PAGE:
Beethoven • Mozart
Beethoven: Symphony No. 3 (trans. Liszt); Mozart: Piano Concerto No. 20 in D minor (trans. Alkan)
Paul Wee (piano)
BIS BIS-2615 (CD/SACD) 83:24 mins
Barrister by day, pianist by night, Paul Wee is something of a one-off, and his third recording contains a surprise too. A transcription by the overlooked virtuoso Charles-Valentin Alkan of Mozart’s Piano Concerto No. 20 in D minor is a revelation, showing that Liszt didn’t have the monopoly on arranging orchestral works for piano in the 19th century.
It’s not the first time the British-Australian pianist has pleaded the case for Alkan – his debut recording showcased the French-Jewish pianist-composer’s Concerto and Symphony for solo piano. This time, Wee conjures the compelling illusion of being both Mozart’s soloist and his orchestra. Of course, that’s in part Alkan’s genius at work. The piano was his soulmate-instrument, and he clearly knew how to translate whole orchestral worlds into its 88 keys. But it’s not every pianist who can lift those notes off the page – and Wee does a wonderful job of honouring both Mozart and Alkan in a performance full of expression and drama.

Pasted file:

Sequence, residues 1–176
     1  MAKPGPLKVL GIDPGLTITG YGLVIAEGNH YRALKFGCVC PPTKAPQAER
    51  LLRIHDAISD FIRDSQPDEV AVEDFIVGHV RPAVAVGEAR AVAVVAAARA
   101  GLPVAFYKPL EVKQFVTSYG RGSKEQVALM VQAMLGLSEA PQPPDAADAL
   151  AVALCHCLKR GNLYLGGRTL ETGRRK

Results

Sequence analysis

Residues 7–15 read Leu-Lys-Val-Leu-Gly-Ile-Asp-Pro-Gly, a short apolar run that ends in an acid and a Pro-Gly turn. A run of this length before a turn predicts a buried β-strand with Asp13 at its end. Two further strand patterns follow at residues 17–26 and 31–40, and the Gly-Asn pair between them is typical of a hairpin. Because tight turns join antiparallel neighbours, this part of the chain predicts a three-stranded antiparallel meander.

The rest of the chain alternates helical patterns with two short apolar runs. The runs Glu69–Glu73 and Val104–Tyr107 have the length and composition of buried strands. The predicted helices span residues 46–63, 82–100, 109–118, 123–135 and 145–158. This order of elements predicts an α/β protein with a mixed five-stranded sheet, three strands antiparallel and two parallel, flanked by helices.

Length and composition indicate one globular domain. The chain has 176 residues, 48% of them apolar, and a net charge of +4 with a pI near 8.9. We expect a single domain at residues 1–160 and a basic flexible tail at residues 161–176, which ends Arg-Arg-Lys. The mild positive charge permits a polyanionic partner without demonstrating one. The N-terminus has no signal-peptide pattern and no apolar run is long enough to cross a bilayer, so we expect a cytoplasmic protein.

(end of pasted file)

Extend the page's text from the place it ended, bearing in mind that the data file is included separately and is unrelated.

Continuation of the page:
Liszt’s transcriptions of Beethoven’s symphonies are better known, designed to contribute to ‘the circulation of the masters and the sense of the beautiful’. Wee tackles the revolutionary ‘Eroica’ Symphony with impeccable technique, captured in clean sound by the BIS recording team. If he doesn’t dig into the subversive elements of the Allegro con brio, his pace and verve make sure the music bowls along happily. Gravitas, energy and playfulness all come to the fore in the rest of his fine performance but it doesn’t surpass Yury Martynov’s Zigzag recording. The Mozart is the real triumph here.